But for the 11th time this season the Wildcats held a team under 60 points. Plus, the victory was the team’s fifth straight, which is its longest win streak in Big 12 action since 2015. I pegged K-State No. 1 in my Big 12 Power Rankings on Monday. They backed it up with a great performance against Texas Tech.

Tech’s problem in its first two losses in Big 12 action could be distilled down to one thing that could be corrected. Against K-State the issue was a larger problem that needs to be addressed — the supporting cast around Jarrett Culver.

The sophomore guard got his on Tuesday, scoring 17 points. It wasn’t as efficient a game as head coach Chris Beard would like, but that was par for the course Tuesday night. The only real additional help he received was from Tariq Owens, who came off the bench to score 12 points. He had a real impact early in this one with a 3-pointer, which is not his forte, and some other great action near the basket.


But the rest of the Red Raiders combined for 16 points. That has to change. The big culprits were Davide Moretti (6 points) and Matt Mooney (2 points). In fact, at the under-8 timeout of the second half the pair combined for 3 points. The pair were a combined 3-for-15 from the floor. Perhaps the Wildcats watched that film from their first meeting, a Red Raiders win and took notes.

In that game on Jan. 5, a 63-57 K-State loss, Moretti had 19 points and Mooney had 14 points. In fact, it was Culver who had the off night with just 9 points. It’s like the script flipped. K-State knew coming in that Culver would get his points and they were content with that. But by not allowing Moretti and Mooney to hurt them, the Wildcats severely limited the Red Raiders’ offensive options, especially late in the game when they simply had to toss 3-pointers at the basket in an attempt to get back in the game.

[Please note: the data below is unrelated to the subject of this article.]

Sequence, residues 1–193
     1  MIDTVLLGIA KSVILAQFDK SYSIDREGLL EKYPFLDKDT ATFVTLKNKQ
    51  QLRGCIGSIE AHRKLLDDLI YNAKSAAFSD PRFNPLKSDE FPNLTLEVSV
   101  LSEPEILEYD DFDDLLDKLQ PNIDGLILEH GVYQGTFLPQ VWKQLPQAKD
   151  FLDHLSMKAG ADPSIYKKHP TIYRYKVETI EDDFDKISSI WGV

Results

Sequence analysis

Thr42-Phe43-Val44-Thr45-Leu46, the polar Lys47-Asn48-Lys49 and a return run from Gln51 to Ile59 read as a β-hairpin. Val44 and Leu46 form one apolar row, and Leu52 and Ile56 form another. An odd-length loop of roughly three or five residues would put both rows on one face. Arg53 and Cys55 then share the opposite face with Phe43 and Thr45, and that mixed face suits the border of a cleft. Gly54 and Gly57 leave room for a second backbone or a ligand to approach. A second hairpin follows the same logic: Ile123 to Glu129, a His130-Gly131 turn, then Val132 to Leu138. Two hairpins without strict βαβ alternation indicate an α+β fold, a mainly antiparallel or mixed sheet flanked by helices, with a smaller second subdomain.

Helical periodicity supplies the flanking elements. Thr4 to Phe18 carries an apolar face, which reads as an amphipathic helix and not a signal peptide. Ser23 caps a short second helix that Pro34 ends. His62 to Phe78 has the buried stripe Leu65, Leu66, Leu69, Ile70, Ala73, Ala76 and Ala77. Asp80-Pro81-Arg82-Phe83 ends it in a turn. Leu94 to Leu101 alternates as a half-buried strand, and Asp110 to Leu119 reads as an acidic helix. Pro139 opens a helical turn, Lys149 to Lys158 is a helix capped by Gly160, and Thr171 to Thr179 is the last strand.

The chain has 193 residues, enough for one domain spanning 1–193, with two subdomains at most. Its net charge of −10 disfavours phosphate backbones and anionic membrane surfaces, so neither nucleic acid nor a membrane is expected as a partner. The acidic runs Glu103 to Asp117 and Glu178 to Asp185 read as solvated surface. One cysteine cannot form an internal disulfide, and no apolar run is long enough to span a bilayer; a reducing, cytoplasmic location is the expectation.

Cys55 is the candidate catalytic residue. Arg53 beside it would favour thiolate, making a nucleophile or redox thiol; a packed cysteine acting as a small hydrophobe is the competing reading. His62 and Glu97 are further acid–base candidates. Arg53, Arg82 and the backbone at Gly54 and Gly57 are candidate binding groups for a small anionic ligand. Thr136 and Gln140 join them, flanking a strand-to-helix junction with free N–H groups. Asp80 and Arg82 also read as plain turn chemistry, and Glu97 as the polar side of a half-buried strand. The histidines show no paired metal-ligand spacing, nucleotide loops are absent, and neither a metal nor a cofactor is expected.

At the end, the Red Raiders shot 32.7 percent for the game and 21.7 percent from the 3-point line. There were points in this game where the Red Raiders went 10 minutes without a field goal (in the first half as K-State built a 10-point lead) and went five minutes without a point (as K-State protected their lead in the second half). No team in the Big 12 can survive stretches like that.

So is it time to panic in Lubbock? Maybe a little bit. Both teams had significant motivation in this game. The winner is tied with Kansas at the top of the league. The loser falls a game behind. Had Tech won it would have swept the season series and accumulated a terrific tiebreaker on K-State. Instead, they split the season series. That’s a critical split when you consider what is coming down the line. Both the Red Raiders and Wildcats have two meetings each with Kansas next month. The win means the Wildcats are better positioned — at least at the moment — to challenge Kansas for the league crown. The Red Raiders didn’t roll over in this one. The Wildcats went out and won it. Period. And both still control their destiny in the Big 12 race. I mean, we’re not even halfway through the season.
And this was, by far, one of the best plays of the night, courtesy of Sneed.

We have two more Big 12 games set for Wednesday night, with Texas headed to TCU for a 6 p.m. game on ESPNU, followed by basketball’s version of Bedlam as Oklahoma State hosts Oklahoma at 8 p.m., also on ESPNU. And, don’t forget. I’ll Facebook Live again around 8 p.m. Thursday to talk about trends in Big 12 action and set up the weekend for the Big 12-SEC Challenge.